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Study shows neuron-glia crosstalk important factor in axon regeneration

UMass Chan researchers find gliotransmission and adenosine signaling promote axon regeneration in central nervous system neurons

Study authors Fei Wang, PhD’23, and Yang Xiang, PhD
Study authors Fei Wang, PhD’23, and Yang Xiang, PhD, assistant professor of neurobiology

Neurobiologist Yang Xiang, PhD, assistant professor of neurobiology, finds evidence that neurons promote axon regeneration by communicating with nearby glia cells, according to a new paper in Developmental Cell.

“The dogma has always been that axon regeneration is controlled intrinsically from within a cell and central nervous system cells can’t regenerate,” said Dr. Xiang. “This study provides evidence that the external environment, in the form of glia cells, plays an important role in determining if an axon can regenerate or not. What’s more, when we flip this switch, we can turn on regeneration in neurons that normally can’t be repaired.”

The study shows that neurons in the peripheral nervous system (PNS) in Drosophila and central nervous system (CNS) in mice can be reprogrammed to regenerate. This discovery may be useful to scientists designing new treatments for a variety of disorders, from spinal cord injury to traumatic brain injury.

When mammalian neurons in the CNS are damaged from a traumatic injury, such as a car accident, or from neurodegenerative disorder, they typically can’t regenerate. What happens, according to Xiang, is that the long axon of the neuron, which is responsible for communication between the neuron and adjoining cells, is suspectable to damage and often becomes severed from the cell body. When this occurs, it is no longer able to function properly; many injured neurons can die.

Neurons from the PNS, such as the nerves found in the hand, can regenerate after injury. If an axon on a PNS neuron is damaged, the cell has the ability to regenerate and repair the damage. Neurons from the CNS, such as those found in the brain and spinal cord, don’t harbor this regenerative ability.

To distinguish why some neurons can regenerate, while others can’t, Xiang and colleagues designed an experiment with Drosophila larvae using powerful genetic tools to identify the mechanisms that control regeneration.

“The Drosophila larvae are unique in that they’re transparent and they allow us to observe axon injury and regeneration in intact animals,” said Fei Wang, PhD’23, former member of the Xiang lab, co-author of the study and current postdoctoral fellow at AbbVie Bioresearch Center in Worcester. “The fruit fly model also allows us to perform powerful genetics with the intention of finding underlying cellular and molecular programs that can potentially be used in mammalian neurons as well.”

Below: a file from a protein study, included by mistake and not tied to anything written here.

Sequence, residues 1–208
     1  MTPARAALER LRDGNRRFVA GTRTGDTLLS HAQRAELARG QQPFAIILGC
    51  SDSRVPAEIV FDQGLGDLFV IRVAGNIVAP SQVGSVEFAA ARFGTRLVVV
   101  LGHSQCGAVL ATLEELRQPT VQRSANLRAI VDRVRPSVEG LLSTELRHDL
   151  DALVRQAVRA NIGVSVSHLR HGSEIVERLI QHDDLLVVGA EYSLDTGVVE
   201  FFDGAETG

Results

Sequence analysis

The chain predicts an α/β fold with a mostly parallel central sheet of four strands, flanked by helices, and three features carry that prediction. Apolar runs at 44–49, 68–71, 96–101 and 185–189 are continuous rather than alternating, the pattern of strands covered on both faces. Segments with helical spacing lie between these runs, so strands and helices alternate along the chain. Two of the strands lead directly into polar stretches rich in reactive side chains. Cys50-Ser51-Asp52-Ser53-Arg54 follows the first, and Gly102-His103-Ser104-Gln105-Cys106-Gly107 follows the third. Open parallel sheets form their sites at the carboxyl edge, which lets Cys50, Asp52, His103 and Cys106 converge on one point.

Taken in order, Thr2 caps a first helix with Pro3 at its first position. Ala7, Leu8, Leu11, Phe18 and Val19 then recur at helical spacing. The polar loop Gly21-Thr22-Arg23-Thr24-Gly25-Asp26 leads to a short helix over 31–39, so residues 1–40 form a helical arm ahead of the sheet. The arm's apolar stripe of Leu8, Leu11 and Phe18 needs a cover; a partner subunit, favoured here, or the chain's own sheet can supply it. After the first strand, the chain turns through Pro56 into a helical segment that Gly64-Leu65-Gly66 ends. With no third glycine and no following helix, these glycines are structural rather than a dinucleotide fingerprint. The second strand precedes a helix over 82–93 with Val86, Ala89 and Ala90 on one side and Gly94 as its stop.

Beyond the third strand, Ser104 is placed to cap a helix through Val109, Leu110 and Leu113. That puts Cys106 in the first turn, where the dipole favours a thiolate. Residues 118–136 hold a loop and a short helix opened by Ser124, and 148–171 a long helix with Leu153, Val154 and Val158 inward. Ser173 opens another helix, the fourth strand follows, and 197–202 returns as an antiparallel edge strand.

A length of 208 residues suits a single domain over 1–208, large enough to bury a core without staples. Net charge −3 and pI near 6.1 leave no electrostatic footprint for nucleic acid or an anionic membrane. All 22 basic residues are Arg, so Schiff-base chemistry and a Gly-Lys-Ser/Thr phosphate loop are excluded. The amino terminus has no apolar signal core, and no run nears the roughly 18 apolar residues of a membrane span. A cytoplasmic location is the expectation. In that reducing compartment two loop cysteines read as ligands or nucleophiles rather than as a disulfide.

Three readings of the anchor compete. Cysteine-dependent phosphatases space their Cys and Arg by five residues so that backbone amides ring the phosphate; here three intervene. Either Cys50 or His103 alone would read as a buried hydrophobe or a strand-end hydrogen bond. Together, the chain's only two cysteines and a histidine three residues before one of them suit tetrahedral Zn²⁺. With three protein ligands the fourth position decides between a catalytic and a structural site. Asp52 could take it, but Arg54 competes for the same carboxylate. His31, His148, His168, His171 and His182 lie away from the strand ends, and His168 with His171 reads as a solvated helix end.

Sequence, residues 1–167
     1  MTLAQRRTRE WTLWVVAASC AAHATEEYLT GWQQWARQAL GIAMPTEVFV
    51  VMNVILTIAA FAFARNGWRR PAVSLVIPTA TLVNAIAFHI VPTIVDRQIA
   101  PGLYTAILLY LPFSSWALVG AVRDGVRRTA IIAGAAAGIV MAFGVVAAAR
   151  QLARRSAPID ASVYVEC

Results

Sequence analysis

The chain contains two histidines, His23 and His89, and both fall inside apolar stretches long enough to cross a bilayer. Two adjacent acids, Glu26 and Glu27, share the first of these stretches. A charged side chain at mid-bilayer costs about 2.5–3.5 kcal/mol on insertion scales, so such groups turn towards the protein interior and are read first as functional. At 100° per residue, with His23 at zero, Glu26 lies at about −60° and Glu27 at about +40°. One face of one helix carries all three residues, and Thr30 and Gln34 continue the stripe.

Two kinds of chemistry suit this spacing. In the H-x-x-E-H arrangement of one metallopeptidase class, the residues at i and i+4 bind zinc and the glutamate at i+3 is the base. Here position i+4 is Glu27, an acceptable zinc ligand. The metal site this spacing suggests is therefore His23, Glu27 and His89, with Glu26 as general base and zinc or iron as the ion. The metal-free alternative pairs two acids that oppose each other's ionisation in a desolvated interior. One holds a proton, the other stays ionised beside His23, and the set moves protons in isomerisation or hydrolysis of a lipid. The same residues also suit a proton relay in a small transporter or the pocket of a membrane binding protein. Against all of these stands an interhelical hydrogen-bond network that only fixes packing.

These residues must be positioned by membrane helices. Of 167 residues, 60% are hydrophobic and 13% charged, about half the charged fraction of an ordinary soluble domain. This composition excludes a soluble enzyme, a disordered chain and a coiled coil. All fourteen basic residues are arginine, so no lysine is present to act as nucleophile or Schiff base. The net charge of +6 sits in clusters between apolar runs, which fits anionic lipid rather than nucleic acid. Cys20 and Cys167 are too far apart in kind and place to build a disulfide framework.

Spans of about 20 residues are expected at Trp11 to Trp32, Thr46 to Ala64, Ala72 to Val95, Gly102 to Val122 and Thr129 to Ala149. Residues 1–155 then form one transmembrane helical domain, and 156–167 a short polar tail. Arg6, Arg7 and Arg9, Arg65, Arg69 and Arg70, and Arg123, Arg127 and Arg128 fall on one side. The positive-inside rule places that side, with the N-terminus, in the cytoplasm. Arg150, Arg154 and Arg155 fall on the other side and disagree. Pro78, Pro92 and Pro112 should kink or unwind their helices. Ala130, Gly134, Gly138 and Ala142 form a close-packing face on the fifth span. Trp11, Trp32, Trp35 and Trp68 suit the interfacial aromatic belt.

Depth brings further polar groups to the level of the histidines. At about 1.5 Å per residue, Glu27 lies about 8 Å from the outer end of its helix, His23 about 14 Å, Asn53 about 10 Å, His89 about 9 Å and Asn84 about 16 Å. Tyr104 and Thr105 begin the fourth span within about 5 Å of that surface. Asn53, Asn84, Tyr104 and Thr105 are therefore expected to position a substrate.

Taking Drosophila larval neurons tuned to gentle touch sensation and comparing them to pain-sensing neurons, Xiang and colleagues identified an adenosine receptor active on the pain-sensing neurons that was absent from gentle touch neurons. When neurons are damaged, nearby glia cells increase their calcium signals, which causes glial to release adenosine. It’s this signaling, from glia to the adenosine receptor on the pain-sensing neuron, that stimulates its regeneration.

In the case of gentle touch neurons, however, Xiang found that glia were signaling for increased adenosine levels, but because the adenosine receptor wasn’t active, the neuron wasn’t able to receive the message necessary for regeneration. By genetically expressing the adenosine receptor on the gentle touch neuron, Xiang was able to turn on the cell’s regenerative program allowing it to communicate with the glia and regenerate its damaged axon.

This combination of gliotransmission and adenosine receptor activity drive axon regeneration in Drosophila, according to Xiang. Further studies in mouse models of damaged retinal ganglion cells showed that the same mechanism was at work in mammals. By activating the adenosine receptor on damaged retinal ganglion cells, Xiang showed that it’s possible to promote axon regeneration in CNS neurons in a mouse model of traumatic injury.

Together, this shows a shared role of the glia–neuron interaction for promoting axon regeneration between PNS and CNS neurons as well as between fly and mammalian animal models.

“The thinking had always been that glia prevented axon regeneration by forming a physical scar around the damaged neuron,” said Xiang. “Instead, it turns out that glia and gliotransmission are vital components in determining if an axon can regenerate after an injury.”

The next step for Xiang and colleagues is to investigate if gliotransmission can be used to develop novel strategies to promote recovery from spinal cord injury. Supporting this new research direction, Xiang and Zhigang He, PhD, professor of neurology at Boston Children’s Hospital and Harvard Medical School, received a $200,000 grant from the spinal cord research foundation Wings for Life.